Last edited 09/2018

In primary care, acute rhinosinusitis (ARS) is a clinical diagnosis based on history and clinical features (1). There is no role for imaging or detailed ENT examinations for suspected ARS in primary care (2).

Anterior rhinoscopy (with an otoscope or Thudichum’s nasal speculum with headlight, depending on availability) can be carried out in primary care setting as part of the clinical assessment of suspected ARS. It may reveal supportive findings such as

  • nasal inflammation
  • mucosal oedema
  • purulent nasal discharge
  • previously unsuspected findings such as polyps or anatomical abnormalities (1).

CT may be considered in very severe disease, in immuno-compromised patients, when there is suspicion of complications (1)


  • CT
    • CT of the paranasal sinuses provides valuable information but this should be interpreted in the context of the history and examination as the prevalence of incidental mucosal changes in an asymptomatic population is approximately 30% (4)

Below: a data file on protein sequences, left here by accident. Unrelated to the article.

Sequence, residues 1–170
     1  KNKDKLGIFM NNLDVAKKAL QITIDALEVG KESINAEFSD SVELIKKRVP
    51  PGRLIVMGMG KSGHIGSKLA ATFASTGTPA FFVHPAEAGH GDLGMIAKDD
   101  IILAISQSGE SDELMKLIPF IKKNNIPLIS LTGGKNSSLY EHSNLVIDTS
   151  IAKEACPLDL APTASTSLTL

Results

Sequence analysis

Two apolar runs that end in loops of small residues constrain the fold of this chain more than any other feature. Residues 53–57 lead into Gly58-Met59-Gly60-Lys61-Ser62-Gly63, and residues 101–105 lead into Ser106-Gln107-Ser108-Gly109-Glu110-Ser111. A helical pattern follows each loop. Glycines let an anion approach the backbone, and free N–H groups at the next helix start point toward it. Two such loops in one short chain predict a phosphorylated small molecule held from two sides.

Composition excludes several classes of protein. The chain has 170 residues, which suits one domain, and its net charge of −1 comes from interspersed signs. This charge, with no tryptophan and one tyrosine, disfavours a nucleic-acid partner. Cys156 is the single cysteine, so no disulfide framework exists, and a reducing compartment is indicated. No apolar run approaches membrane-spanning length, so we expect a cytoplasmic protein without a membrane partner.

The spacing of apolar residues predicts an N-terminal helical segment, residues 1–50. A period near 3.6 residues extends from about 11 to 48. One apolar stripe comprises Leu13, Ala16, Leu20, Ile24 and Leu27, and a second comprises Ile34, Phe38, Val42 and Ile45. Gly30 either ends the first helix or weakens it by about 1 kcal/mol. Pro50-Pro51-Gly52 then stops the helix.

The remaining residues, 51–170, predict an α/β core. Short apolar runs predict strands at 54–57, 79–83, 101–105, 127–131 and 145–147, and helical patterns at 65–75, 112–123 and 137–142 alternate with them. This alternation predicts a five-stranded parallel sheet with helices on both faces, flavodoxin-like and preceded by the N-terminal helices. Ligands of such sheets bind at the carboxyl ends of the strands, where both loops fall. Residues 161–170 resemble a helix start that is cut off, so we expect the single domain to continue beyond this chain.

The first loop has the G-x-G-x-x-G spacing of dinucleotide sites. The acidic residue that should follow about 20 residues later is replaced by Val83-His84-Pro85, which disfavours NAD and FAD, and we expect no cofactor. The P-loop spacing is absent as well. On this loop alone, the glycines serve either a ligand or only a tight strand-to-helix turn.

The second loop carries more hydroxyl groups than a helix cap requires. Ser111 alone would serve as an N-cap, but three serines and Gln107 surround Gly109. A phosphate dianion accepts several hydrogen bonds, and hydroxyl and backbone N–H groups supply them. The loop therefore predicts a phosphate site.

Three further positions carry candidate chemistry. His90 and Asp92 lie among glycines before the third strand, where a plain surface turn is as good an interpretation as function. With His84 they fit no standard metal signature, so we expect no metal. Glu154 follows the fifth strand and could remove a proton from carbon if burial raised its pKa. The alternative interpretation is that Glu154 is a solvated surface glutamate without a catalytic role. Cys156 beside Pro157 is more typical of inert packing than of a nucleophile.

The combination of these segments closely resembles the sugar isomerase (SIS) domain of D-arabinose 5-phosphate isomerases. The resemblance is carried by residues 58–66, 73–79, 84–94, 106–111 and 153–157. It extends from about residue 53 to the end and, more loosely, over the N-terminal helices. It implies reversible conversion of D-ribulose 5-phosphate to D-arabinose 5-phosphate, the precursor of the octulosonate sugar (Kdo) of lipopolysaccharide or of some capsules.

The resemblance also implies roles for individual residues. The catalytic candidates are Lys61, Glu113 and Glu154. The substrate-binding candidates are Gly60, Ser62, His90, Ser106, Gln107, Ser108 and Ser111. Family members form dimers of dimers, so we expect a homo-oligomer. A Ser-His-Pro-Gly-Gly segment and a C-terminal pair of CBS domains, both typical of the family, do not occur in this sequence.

1. Fokkens WJ et al.European Position Paper on Rhinosinusitis and Nasal Polyps 2012. Rhinol Suppl. 2012;23:3 p
  2. Foden N, Burgess C, Shepherd K, Almeyda R. A guide to the management of acute rhinosinusitis in primary care management strategy based on best evidence and recent European guidelines. The British Journal of General Practice. 2013;63(616):611-613.